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Are Private (Digital) Moneys (Disruptive) Social Innovations? An Exploration of Different Designs

Are Private (Digital) Moneys (Disruptive) Social Innovations? An Exploration of Different Designs This article explores which private moneys qualify as (disruptive) social innovations. A case study into 30 Dutch-based complementary currencies and cryptocurrencies was conducted to understand the functioning of different designs of private money systems as well as the motivations and objectives of involved social innovators. We conclude that private moneys generally can be qualified as social innovations but that their potential for disruptiveness is limited by design. It is the externalities that come with the public and network nature of monetary systems that are likely to impede disruption by private (digital) moneys. http://www.deepdyve.com/assets/images/DeepDyve-Logo-lg.png Journal of Social Entrepreneurship Taylor & Francis

Are Private (Digital) Moneys (Disruptive) Social Innovations? An Exploration of Different Designs

Are Private (Digital) Moneys (Disruptive) Social Innovations? An Exploration of Different Designs

Journal of Social Entrepreneurship , Volume 8 (3): 18 – Sep 2, 2017

Abstract

This article explores which private moneys qualify as (disruptive) social innovations. A case study into 30 Dutch-based complementary currencies and cryptocurrencies was conducted to understand the functioning of different designs of private money systems as well as the motivations and objectives of involved social innovators. We conclude that private moneys generally can be qualified as social innovations but that their potential for disruptiveness is limited by design. It is the externalities that come with the public and network nature of monetary systems that are likely to impede disruption by private (digital) moneys.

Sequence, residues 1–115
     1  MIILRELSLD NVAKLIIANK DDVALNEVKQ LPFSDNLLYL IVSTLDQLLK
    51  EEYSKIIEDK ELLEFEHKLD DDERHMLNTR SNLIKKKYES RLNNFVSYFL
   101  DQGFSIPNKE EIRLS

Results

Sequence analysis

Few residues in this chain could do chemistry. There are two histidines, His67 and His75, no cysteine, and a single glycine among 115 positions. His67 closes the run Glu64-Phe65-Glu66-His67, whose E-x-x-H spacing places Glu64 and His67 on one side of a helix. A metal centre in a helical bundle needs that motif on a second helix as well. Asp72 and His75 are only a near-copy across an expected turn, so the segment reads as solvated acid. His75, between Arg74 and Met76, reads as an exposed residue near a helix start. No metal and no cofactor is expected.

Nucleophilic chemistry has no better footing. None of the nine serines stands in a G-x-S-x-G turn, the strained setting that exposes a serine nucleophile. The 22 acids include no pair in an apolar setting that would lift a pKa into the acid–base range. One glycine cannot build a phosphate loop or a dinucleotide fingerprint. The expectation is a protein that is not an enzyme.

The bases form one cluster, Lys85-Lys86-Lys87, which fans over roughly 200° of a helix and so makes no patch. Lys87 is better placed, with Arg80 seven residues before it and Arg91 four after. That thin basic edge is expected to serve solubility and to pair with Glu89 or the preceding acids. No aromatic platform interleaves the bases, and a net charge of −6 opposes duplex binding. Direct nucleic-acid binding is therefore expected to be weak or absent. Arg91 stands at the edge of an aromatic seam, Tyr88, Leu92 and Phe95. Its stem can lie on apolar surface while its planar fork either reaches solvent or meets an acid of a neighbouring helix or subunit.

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References (41)

Publisher
Taylor & Francis
Copyright
© 2017 The Author(s). Published by Informa UK Limited, trading as Taylor & Francis Group
ISSN
1942-0684
eISSN
1942-0676
DOI
10.1080/19420676.2017.1364287
Publisher site
See Article on Publisher Site

Abstract

This article explores which private moneys qualify as (disruptive) social innovations. A case study into 30 Dutch-based complementary currencies and cryptocurrencies was conducted to understand the functioning of different designs of private money systems as well as the motivations and objectives of involved social innovators. We conclude that private moneys generally can be qualified as social innovations but that their potential for disruptiveness is limited by design. It is the externalities that come with the public and network nature of monetary systems that are likely to impede disruption by private (digital) moneys.

Journal

Journal of Social EntrepreneurshipTaylor & Francis

Published: Sep 2, 2017

Keywords: Private money; complementary currencies; cryptocurrencies; monetary system design; digitalization; disruption

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